Addicted to novelty since 2001

Where’s My +3 Staff of Confession?

I spent much of my early adolescence playing Dungeons and Dragons. This made me a social pariah to everyone but my fellow players, but I didn’t mind. Until I turned 15 or so, and really discovered girls.

We were a motley crew, as you might imagine, four or five social outcasts spending all of Sunday rolling dice and moving carefully-painted lead figurines around a table. Among us were Albert, the introverted Chinese kid with heavy dandruff, Richard, the tiny British kid with hair like steel wool and Christian, who, despite being a Swedish teen model, remained tremendously uncool.

I credit D&D (and related games) with increasing my vocabulary, fostering my creativity and improving my public speaking. Additionally, it was a heck of a lot of fun. I still have the many-sided dice–they’re wonderful, strange objects–in a storage box somewhere.

I mention all this because the 30th anniversary of D&D has arrived. Though many players have moved on to computer RPGs, I gather that plenty of people still play with pencils, dice and their imaginations. Not surprisingly, the blogosphere is all pointing toward this NPR piece, where you can listen to ten minutes of a game in progress. We never went so far as to do the kooky voices, and since when do you roll for initiative on a d20?

7 Responses to “Where’s My +3 Staff of Confession?”

  1. donna

    “…since when do you roll for initiative on a d20?”

    As long as I’ve been playing, anyway. :)

    I need a new campaign. :/

  2. Shane

    Makes me want to go unpack my old yellow crystal dice and figure out how to play again…hmmm…

  3. Rick Gebhardt

    I never got into the whole D&D craze. Played a little bit with my brothers, but that was about it. What I was big into was Battletech, which was basically D&D with big ass robots and spaceships.

  4. Robert

    We always used a d6 for initiative. We also never bothered with figurines … too much fussing. Plus, there wasn’t enough room on the table because of all the beer cans.

    My group played well into college years … we never took it serious. It was just more of a reason to get together and drink, smoke pot and make up stories about the girls we didn’t really sleep with.

    When I started playing … there were only the three original rule books. No DM guide … No Monster Manual.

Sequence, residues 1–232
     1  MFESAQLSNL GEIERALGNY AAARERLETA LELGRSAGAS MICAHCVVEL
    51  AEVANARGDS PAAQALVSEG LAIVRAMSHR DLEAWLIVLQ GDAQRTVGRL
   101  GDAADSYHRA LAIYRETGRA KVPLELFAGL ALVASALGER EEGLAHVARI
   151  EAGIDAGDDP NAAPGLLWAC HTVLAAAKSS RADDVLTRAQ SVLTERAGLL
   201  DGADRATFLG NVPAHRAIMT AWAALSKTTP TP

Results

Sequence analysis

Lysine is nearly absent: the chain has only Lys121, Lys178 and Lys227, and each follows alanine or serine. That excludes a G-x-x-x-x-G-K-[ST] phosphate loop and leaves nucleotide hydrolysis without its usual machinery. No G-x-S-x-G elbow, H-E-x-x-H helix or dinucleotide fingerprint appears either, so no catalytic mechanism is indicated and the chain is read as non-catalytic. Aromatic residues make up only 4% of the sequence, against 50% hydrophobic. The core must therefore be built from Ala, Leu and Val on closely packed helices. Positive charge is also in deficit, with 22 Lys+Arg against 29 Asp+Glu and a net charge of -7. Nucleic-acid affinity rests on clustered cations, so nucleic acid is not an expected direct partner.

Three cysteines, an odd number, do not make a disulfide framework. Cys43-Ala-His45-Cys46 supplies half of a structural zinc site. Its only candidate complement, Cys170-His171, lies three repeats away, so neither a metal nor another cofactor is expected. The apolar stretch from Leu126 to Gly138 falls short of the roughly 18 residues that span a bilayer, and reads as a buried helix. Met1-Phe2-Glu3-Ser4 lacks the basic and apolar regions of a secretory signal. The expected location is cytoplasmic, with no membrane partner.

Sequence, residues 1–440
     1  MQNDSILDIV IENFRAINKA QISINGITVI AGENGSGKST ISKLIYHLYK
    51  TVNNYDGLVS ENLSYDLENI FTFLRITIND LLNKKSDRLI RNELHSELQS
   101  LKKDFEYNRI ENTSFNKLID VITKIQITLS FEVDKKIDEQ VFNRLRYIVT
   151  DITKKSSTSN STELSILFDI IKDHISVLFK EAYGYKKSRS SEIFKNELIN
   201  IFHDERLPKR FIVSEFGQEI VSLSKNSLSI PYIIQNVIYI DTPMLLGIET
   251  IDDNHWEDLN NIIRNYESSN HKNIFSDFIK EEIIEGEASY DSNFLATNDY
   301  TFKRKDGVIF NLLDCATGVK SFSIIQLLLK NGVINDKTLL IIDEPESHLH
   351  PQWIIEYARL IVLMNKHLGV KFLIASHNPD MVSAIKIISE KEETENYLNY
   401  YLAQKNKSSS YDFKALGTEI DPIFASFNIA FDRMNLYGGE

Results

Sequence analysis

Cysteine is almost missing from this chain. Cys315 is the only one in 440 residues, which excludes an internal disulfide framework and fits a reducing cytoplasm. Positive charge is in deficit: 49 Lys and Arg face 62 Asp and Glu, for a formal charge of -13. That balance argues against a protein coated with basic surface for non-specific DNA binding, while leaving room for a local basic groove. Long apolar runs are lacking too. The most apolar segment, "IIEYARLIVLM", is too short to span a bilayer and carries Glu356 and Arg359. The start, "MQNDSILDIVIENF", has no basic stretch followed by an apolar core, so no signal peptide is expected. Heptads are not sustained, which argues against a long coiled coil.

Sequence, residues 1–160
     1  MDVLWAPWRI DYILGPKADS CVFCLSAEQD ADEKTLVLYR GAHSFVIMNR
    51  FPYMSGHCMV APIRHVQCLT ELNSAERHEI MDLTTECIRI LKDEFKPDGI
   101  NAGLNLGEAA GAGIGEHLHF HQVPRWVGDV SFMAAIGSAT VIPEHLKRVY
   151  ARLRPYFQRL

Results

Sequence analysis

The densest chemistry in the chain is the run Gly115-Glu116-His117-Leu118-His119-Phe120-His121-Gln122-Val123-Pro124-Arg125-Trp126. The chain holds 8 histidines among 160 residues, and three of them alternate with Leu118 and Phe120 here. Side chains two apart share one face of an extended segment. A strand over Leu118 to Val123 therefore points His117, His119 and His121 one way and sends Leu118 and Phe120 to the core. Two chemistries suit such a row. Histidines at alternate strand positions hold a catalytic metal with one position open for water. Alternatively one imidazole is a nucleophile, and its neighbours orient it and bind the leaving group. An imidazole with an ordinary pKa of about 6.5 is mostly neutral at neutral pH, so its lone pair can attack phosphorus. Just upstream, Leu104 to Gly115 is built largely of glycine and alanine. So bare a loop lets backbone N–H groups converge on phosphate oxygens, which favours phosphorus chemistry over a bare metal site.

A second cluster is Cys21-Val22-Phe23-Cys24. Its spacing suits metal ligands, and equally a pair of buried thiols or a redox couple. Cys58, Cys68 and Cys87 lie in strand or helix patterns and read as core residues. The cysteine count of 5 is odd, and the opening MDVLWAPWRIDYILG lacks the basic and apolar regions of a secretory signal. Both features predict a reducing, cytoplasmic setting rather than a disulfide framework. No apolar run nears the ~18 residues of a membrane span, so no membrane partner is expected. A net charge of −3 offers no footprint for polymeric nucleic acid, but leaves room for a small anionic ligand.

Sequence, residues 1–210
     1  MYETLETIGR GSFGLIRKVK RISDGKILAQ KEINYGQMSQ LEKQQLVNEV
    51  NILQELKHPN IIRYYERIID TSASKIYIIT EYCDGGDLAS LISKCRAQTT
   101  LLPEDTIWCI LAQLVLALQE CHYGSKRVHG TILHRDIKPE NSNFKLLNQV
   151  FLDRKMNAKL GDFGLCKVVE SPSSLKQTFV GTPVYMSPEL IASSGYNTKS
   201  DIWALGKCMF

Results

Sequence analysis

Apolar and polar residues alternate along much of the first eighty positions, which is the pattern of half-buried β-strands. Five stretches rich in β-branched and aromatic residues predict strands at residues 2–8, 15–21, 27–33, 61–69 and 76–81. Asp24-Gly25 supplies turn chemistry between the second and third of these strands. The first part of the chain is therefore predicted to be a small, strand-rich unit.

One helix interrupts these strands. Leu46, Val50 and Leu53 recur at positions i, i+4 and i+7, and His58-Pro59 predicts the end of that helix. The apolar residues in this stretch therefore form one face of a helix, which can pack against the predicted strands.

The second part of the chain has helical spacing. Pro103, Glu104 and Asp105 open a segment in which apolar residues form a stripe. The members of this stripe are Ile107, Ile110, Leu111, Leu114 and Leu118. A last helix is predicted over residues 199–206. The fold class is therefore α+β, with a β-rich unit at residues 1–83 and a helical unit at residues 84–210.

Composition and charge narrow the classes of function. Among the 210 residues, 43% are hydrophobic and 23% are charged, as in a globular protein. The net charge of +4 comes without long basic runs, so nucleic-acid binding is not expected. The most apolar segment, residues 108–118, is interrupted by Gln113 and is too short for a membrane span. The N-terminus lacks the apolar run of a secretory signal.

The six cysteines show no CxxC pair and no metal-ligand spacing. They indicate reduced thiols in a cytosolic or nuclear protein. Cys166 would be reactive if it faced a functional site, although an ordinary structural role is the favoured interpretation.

I’m old.

  5. Paolo

    Ah D&D. Those were the days. Funny how I would correct people by saying “I don’t play D&D, I play AD&D—there’s a difference.”

    We used 10-sided die for initiative, by the way.

    I listened to a bit of the audio file and I have to say they need assistance. The “DM” is making it up as he goes and it shows. Also funny to hear how they’re playing the pre-pubescent role-play. See monster, monster attacks with typical monster voice, players counter attack, etc. Where’s the ingenuity? Where’s the plot twists, character development? Story? Meh. I’m being unfairly critical.

    When we played as teens we wanted to rival movie scripts. We had tapes filled with theme music, we did voices and wrote out entire story lines to avoid the “uh chameleon men…er…humanoids jump out at you. They are clad in uh… leather—yeah-yeah, leather.” I even sketched all of the people and creatures my party encountered.

    I loved role-playing so much I opened a gaming studio as my first business. We sold comics, gaming materials, trading cards and had three themed rooms where people came to role-play. We even had a 3 group/25 person role-play tournament to kick it all off. God that was a fun business to run!

    P.S. Vin Diesel role-plays. (http://www.darkhorizons.com/news04/riddick1.php)

  6. Joan

    I wrote an oral report on D&D in gradeschool & went up in front of the whole school talking about elves and dwarves. Weeee. Nothing says “I’m a dork” better than being a total dork.

    I still game. It keeps me all humble and geeky. It’s certainly more social than sitting in front of the computer, also a good stretch for the brain sometimes –knowing genius people is good for that.

    I still want to be an elf.

  7. clamb

    Ahh, AD&D. Rules and the game has changed a lot since i started with first edition. After a good decade off i joined back up with some friends. One of the guys we game with enjoys writing and has written out our adventures. Quite good actually and in the style of a novel more than blow by blow.

    Gargoyle’s Rest

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